How do you decarbonise hydrocarbons?

Here’s the perspective of an energy services provider.

Margaret Muller Head of Environment & Sustainability

Here’s an interesting challenge for you…

Think of any energy company, small or large, national or international, publicly or privately owned. Take a look at its website. Then see where the subject of sustainability ranks on its homepage.

The results are incontrovertible. Universally, the subject of sustainability is highlighted. Many lead with a net zero pledge and generally address its energy transition plan. Of course, that’s not to say that any of these companies anticipates the sudden demise of hydrocarbons. No one in the industry is looking at a sudden or linear transition. But everyone is considering routes to reducing carbon intensity. And they are all giving the topic a high public profile.

This raises an interesting question. What are the implications for an energy services company like Petrofac? What do our clients expect from us – in terms of the services we provide, the ways we operate, and the commitments we make?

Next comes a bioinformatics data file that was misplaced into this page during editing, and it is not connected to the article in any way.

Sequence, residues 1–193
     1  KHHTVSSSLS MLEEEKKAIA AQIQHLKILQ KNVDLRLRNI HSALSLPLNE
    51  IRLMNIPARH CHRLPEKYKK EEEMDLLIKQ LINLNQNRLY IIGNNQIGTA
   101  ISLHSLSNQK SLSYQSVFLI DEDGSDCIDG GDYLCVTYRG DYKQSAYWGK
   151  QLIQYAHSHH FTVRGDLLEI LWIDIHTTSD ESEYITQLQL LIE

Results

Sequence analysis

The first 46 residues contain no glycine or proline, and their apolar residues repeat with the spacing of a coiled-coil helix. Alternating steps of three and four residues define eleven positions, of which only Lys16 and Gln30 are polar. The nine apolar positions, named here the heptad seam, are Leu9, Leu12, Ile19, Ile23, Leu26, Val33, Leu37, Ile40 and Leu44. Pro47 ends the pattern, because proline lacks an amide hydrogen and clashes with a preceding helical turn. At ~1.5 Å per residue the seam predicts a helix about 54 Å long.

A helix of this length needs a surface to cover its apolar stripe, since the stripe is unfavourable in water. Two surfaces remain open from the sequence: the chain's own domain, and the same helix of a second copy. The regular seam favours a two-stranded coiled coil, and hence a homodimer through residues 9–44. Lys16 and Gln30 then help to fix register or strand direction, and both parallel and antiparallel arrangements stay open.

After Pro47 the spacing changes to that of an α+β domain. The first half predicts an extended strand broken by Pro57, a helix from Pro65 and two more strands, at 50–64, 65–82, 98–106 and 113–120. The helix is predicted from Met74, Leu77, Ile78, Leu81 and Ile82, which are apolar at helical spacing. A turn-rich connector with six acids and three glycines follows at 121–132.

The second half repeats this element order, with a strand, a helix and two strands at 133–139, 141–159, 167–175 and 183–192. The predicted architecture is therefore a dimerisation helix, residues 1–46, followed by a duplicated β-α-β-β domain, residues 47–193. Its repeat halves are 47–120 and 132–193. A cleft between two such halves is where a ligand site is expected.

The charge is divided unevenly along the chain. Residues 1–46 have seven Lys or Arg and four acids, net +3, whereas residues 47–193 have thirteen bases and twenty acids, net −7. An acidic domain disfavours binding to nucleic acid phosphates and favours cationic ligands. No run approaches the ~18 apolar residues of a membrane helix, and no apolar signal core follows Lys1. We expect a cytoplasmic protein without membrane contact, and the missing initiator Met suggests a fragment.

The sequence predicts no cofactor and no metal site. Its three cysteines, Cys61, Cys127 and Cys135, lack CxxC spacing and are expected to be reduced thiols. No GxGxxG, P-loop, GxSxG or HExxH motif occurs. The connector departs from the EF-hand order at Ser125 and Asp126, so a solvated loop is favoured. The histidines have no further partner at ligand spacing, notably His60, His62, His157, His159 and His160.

Of course, at Petrofac, we do have a clear purpose – to help our clients with their evolving energy needs, and a burgeoning business unit, Energy Transition Projects, focused on advancing developments across the wind, hydrogen, CCUS and waste-to-value sectors. But, in this article, I want to focus on our work in hydrocarbons – because our work in helping clients to avoid and abate emissions from today’s energy sources is just as vital as our work in helping to develop tomorrow’s energy solutions.

Decarbonising hydrocarbons: a contradiction in terms? Or a realistic aspiration?

To be clear, we understand that our immediate challenge isn’t simply about transitioning to alternative energy sources. It is also about reducing the carbon intensity of existing energy sources, which we are acutely aware will be needed in the medium term to maintain energy security.

The International Energy Agency estimates that oil and gas production, transport and processing account for 15% of the world’s energy-related emissions. And, for some facilities, these operational emissions can reach 40% of the full lifecycle emissions. The World Economic Forum reports that, by investing in commercially viable, here-and-now carbon emissions avoidance and abatement solutions, the oil and gas sector can reduce carbon emissions from 5 gigatonnes to less than 1 gigatonne per year by 2050 – the equivalent of the European Union's combined annual emissions, or 80% of the US, or India and Russia combined.